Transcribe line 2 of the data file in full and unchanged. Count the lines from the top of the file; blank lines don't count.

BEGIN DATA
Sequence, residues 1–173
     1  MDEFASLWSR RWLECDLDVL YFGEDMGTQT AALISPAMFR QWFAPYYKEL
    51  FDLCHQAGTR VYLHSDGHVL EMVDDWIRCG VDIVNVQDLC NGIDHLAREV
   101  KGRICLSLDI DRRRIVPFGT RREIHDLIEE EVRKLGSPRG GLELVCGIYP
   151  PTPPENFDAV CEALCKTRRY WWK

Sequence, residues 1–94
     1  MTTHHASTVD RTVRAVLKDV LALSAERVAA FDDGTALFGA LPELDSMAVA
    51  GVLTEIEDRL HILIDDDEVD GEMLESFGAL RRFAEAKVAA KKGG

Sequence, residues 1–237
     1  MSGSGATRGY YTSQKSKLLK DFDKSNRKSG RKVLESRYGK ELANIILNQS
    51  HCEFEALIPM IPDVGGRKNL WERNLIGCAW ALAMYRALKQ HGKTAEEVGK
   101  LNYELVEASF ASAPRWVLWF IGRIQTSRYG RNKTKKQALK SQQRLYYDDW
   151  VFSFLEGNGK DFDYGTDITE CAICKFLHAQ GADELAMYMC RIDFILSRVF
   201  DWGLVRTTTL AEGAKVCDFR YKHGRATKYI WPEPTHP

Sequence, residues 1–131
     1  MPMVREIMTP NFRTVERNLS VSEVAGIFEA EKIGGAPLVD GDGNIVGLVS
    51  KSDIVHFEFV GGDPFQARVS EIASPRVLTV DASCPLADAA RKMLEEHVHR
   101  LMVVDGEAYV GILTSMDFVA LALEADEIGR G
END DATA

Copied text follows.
     1  MDEFASLWSR RWLECDLDVL YFGEDMGTQT AALISPAMFR QWFAPYYKEL